Eugene Onegin set to music

Due to the difficulties in translating Pushkin’s novel into English has rendered the story of Eugene Onegin rarely known in those countries that are predominantly English speaking, but to Russians it plays an integral part in the rich and turbulent history of their mighty country. The story first appeared in serial form during the 1820’s and was later adapted by Tchaikovsky into an opera which premiered in 1879 in Moscow.

This new adaptation of this great story is by Deborah Warner, and she uses spaces that ae both expansive and effective. These include a huge barn in Act I, a large hall and a lake in Act II and a particularly elaborate ballroom in Act III, within which are extravagant feats of singing and choreography taking place.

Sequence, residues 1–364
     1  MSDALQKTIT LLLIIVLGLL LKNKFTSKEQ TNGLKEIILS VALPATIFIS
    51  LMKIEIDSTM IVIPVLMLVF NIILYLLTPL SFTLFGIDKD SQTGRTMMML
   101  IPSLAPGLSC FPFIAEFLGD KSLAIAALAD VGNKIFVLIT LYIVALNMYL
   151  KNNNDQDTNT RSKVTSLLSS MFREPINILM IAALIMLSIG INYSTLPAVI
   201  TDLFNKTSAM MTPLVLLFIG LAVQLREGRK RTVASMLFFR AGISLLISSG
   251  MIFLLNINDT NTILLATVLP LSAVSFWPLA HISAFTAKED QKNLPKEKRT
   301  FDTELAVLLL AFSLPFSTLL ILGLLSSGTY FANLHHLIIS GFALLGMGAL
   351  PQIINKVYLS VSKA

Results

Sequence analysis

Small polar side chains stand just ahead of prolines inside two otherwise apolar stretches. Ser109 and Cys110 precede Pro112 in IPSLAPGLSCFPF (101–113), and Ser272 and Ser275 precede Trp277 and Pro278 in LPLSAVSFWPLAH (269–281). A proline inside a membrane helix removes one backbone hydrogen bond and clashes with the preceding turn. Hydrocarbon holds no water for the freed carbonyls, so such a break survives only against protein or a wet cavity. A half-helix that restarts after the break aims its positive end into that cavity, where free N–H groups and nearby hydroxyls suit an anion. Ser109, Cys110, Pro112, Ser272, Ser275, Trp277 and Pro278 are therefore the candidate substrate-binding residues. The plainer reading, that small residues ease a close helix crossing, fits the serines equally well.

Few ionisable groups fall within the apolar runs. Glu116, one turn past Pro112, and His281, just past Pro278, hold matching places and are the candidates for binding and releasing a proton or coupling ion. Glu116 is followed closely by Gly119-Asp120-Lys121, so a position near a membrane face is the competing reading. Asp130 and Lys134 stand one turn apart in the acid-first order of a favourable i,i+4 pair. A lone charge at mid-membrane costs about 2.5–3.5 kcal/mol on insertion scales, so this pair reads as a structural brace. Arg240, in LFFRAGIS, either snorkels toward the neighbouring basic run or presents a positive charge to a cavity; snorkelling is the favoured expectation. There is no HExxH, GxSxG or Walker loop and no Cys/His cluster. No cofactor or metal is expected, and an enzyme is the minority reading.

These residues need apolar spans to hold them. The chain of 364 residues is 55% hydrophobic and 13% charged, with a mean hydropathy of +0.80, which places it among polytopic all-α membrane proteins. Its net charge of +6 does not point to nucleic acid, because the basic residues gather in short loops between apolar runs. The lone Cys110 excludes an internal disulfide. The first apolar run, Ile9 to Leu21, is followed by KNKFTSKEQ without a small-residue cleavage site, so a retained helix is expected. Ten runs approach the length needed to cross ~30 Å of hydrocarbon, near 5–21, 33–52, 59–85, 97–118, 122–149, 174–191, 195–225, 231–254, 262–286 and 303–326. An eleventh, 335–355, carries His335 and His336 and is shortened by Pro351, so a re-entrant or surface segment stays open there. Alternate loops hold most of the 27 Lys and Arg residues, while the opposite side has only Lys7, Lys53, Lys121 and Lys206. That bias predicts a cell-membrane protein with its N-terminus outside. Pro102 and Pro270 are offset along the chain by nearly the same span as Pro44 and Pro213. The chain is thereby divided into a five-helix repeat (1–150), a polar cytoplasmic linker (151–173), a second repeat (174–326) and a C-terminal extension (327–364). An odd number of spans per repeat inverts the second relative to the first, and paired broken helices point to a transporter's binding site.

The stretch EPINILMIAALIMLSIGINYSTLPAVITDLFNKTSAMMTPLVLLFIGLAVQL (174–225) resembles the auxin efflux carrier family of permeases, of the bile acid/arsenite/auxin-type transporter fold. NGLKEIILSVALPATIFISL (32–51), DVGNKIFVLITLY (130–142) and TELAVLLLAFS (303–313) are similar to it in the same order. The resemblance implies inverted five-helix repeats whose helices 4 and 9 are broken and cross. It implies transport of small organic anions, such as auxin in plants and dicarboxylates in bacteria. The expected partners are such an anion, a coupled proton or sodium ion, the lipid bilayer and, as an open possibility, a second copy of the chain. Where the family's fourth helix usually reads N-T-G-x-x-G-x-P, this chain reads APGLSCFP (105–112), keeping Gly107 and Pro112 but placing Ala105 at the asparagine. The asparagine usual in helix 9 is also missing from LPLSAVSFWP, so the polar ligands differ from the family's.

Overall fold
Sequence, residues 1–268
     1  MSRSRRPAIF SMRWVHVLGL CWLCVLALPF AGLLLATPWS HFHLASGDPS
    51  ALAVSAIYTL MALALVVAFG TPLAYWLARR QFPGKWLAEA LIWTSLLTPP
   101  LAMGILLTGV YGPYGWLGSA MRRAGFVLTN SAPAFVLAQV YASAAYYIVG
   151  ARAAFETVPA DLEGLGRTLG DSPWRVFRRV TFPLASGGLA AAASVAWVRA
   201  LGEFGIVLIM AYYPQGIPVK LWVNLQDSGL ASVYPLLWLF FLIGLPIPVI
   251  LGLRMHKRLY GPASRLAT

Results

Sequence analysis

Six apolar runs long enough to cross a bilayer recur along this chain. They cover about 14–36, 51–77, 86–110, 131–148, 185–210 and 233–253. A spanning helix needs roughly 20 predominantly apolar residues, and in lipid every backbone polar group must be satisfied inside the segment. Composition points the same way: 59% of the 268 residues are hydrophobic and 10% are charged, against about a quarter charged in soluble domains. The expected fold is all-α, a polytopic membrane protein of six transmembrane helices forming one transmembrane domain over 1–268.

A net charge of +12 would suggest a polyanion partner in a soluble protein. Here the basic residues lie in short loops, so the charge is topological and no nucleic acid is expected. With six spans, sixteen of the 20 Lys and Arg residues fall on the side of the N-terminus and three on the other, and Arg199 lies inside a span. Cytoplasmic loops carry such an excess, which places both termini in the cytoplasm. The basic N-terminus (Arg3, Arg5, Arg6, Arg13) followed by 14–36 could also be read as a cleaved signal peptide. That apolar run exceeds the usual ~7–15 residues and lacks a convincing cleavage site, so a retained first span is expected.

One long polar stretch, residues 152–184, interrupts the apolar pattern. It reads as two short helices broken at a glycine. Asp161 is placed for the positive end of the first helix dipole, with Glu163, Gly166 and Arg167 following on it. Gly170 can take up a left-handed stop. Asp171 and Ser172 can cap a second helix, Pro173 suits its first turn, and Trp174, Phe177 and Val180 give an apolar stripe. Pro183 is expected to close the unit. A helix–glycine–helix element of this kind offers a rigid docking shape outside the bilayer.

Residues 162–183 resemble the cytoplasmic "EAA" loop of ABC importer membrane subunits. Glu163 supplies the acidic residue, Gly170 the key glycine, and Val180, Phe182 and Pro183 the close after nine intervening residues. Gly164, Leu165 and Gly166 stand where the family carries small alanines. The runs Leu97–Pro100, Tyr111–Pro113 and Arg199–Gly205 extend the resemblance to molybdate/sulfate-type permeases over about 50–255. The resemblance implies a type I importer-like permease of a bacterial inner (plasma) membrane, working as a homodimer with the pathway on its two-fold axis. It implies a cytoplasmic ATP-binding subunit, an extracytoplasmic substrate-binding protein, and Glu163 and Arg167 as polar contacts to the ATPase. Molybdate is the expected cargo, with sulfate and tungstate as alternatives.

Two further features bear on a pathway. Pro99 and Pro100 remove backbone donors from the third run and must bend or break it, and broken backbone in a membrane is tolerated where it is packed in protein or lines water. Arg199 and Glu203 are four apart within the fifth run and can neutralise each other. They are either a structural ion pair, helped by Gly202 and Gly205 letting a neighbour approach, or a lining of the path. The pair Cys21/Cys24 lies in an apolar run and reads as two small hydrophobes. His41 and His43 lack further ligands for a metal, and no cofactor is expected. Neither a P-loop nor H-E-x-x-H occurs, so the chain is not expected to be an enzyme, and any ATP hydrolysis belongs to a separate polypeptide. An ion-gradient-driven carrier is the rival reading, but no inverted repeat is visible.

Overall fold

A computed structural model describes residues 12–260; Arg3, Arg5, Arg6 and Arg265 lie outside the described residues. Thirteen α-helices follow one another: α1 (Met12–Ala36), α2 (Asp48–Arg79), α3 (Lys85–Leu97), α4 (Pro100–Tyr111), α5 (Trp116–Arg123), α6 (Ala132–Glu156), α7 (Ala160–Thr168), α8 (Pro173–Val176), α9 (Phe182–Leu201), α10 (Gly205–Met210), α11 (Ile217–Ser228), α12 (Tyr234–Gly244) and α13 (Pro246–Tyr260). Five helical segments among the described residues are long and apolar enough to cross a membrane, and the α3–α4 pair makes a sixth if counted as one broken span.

One of the main highlights of this performance is that of Toby Spence in his charismatic and energetic portrayal of Lensky, whose presence dominates Act I. Other notable cast members are Brindley Sherratt who shines as Prince Gremin, and brings both dignity and gravitas to the role. Adrian Thompson also makes an impressive monsieur Triquet, stealing the scene at the beginning of Act II by singing to Tatyana.

The choreography by Kim Brandstrup is also noteable, and the dancing in the penultimate scene is particularly captivating in the way the guests move at the ball around the main characters, creating the perfect backdrop. The sets by Tom ~Pye are exceptional, ranging from the iciness of the frozen lake to the ballroom’s soaring pillars.

Overall this is an excellent production and gives the masses the opportunity to tap into the genius of Pushkin and embrace the story of Eugene Onegin.